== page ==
Watson’s method is to take account of the different principles from which philosophies start and on which they depend.   This will produce an understanding of the multiplicity of approaches and a widening of the horizon of possibilities.  It also has cross-disciplinary implications: 

‘Further, since the special arts and sciences are particular embodiments of philosophic principles,a pluralism at the level of philosophy implies the possibility of a similar pluralism at the level of thespecial arts and sciences’. (Watson 1993: xiv)

In this architectonic, the different approaches of arts and sciences cannot be resolved by appealing to the way the world is.  Instead it is different approaches, frameworks, styles or paradigms that determine how we see the world and reflect fundamental philosophical differences.   Philosophic principles also found other disciplines.  They include Creative Principles.  These are initiating, arbitrary powers (ibid: 103).  For Watson these are possibilities of thought exemplified in the Book of Genesis and its account of creation but reactivated in Heidegger's Being and Time where the God and human of Genesis become Being and Dasein (ibid: 110).  These are the co-creators.  Another case is Elementary Principles which again have a huge range in Watson's reading of the history of thought.  They are embodied by Plotinus' the One, Nietzsche's Will to Power and Freud's psychic energy (ibid: 117, 123).  For Freud and Nietzsche it is a conflict of elemental forces that is manifested in our thought and experience.  For Plotinus it is a spiritual, non-material unity that is elementary.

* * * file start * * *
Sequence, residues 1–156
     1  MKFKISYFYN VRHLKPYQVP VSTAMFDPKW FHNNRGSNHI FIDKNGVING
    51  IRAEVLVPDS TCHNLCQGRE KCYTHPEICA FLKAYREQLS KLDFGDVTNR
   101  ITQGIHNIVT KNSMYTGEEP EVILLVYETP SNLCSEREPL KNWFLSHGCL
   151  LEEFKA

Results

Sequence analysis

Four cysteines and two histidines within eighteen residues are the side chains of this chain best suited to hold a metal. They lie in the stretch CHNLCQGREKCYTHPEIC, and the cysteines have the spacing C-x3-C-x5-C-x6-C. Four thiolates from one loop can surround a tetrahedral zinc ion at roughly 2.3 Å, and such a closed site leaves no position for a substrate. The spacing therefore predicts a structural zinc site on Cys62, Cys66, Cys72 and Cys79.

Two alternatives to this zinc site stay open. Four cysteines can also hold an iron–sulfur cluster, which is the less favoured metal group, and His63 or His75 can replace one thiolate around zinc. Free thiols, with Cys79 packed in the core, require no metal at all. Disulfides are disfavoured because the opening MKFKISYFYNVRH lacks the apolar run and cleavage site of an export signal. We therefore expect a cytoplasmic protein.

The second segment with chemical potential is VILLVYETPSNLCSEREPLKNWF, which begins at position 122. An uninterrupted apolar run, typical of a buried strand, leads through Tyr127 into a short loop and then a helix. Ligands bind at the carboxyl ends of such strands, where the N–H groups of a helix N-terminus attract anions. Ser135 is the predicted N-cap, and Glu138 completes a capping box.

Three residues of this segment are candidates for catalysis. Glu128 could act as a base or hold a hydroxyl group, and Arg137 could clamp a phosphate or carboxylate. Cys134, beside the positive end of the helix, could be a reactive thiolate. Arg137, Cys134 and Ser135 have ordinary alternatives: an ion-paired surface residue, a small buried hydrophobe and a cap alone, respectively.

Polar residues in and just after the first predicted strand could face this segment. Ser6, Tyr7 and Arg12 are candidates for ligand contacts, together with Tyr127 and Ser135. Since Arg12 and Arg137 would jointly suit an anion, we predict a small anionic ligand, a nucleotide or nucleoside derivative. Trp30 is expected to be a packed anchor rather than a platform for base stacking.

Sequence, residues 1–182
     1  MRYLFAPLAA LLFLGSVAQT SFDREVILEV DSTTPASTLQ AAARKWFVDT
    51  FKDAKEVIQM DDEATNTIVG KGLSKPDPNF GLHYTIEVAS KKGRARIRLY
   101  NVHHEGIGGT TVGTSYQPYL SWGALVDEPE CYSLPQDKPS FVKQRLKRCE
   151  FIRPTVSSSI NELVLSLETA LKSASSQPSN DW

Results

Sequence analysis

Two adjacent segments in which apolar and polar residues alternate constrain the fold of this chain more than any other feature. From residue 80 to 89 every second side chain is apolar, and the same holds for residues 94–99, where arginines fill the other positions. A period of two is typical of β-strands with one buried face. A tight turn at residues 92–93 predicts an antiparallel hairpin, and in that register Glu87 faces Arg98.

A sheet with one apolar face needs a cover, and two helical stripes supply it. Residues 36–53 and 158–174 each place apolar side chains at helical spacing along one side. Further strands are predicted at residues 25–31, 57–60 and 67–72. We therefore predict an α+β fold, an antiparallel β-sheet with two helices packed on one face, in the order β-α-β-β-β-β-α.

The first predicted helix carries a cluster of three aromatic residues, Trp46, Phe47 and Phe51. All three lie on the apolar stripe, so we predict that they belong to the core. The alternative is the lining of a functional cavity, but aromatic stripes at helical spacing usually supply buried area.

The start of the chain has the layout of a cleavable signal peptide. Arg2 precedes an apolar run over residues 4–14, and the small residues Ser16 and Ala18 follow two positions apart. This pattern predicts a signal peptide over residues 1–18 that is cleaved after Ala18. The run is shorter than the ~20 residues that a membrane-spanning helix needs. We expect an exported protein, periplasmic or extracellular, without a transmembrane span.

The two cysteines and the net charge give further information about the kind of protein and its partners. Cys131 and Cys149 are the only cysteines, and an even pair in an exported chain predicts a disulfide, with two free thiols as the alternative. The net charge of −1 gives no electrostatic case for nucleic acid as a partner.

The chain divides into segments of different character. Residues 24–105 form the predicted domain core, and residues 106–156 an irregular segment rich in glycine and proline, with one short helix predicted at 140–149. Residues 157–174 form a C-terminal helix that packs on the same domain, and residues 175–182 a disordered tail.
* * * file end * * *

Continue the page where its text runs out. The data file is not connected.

In contrast to both Creative and Elementary Principles, Comprehensive Principles envisage the design of the whole and its functioning.  An example is Plato’s dialogues because each shows a different way in which the Comprehensive Principle of the Good causes functioning (ibid: 128).  On this reading, the harmony of both psyche and polis in the Republic is the result of each part of these structures functioning according to the Idea of the Good.  Finally, we have Reflexive Principles.  Here we do not look for a cause of functioning, such as a transcendent Idea, but make functioning the cause of itself (ibid: 136).  The sciences established by Aristotle are governed by Reflexive Principles because these actualise themselves through disciplinary activities.  The motion studied by natural science actualises the principle that initiates this intellectual endeavour (ibid: 138).  Likewise, metaphysics is ‘thought thinking itself’, it actualises the principle that founds it.  We do not look beyond the activity that is the genesis of these sciences to account for them.  This strategy allows Watson to visit a dizzying array of philosophies, scientific theories and artistic practices, uncovering in each an ‘archic variable’ that in every case organises, unifies and shines forth in its explanatory power and intellectual satisfaction.  There is nothing lacking in these principles but what about their relations with one another?  What about the encounters and disputations that characterise the history of thought and leave their mark?